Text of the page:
(back) Subject: Re: Ornamentation in French Baroque music From: "John Foss" <harfo32@yahoo.co.uk> Date: Thu, 20 Nov 2003 18:52:46 +0000 (GMT)   Dear list, I have just returned from Athens where I heard the Klais organ in the Concert Hall in a recital by Nicholas Kynaston. His programme was based around the theme of the influence of Bach's contemporaries on his music, and began with 5 verses from the Organ Mass by De Grigny. It was a superb recital by one of the world's great masters of the instrument, and his ornamentation of the De Grigny was spell binding. He was playing from an edition presented to him with an inscription by Ralph Downes. I will give you a full report of this occasion as soon as I have a moment to sit and down and type in what I wrote on the train coming home this morning. The only thing I cannot find is the specification of the organ - but it was well worth the 1,000 km. journey I made for the occasion. John Foss   =3D=3D=3D=3D=3D www.johnfoss.gr http://groups.yahoo.com/group/orgofftop/ Topics of the week : Line from Plati Kippers   ________________________________________________________________________ Want to chat instantly with your online friends? Get the FREE Yahoo! Messenger http://mail.messenger.yahoo.co.uk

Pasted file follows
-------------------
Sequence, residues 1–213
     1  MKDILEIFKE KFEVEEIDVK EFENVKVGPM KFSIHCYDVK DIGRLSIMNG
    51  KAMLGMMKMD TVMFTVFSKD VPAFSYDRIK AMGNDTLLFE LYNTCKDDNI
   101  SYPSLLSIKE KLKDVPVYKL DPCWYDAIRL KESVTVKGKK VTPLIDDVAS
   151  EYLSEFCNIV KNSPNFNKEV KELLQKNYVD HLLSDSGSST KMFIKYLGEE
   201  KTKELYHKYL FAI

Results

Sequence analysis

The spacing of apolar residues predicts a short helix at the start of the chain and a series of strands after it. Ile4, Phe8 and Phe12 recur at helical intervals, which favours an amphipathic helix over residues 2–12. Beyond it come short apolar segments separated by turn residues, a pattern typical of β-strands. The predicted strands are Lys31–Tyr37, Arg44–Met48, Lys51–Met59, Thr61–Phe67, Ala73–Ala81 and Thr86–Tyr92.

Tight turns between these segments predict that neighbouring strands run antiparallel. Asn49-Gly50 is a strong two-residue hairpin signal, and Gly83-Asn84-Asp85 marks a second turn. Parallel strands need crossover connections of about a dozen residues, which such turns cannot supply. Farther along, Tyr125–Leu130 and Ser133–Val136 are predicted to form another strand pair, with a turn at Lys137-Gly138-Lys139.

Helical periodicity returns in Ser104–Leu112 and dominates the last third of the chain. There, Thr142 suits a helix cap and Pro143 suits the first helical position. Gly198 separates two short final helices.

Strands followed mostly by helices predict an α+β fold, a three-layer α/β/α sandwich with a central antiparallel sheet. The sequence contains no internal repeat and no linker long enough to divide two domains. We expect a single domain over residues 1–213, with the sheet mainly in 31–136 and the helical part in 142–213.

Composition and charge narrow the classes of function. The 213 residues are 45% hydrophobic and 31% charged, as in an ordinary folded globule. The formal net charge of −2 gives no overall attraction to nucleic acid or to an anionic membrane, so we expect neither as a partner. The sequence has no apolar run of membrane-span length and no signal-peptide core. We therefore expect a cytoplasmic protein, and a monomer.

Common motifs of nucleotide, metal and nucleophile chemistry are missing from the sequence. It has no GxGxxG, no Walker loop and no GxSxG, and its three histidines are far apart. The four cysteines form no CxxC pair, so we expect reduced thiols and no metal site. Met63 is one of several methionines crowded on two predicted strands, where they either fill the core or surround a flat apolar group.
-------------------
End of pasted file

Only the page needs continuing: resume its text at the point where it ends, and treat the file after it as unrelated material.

(back) Subject: Re: ornamentation From: "Alicia Zeilenga" <azeilenga@theatreorgans.com> Date: Thu, 20 Nov 2003 13:15:45 -0600   Hello, Colin,   I don't think your friend was so wrong either. Last summer a professor told us almost the same thing when we were working on a piece by Rorem that accented the second beat.   > "Before trying to play French music, you should > listen to French language. There you will find > inegalitie in abundance, and the over dotted rhythms > of the French Baroque".   Alicia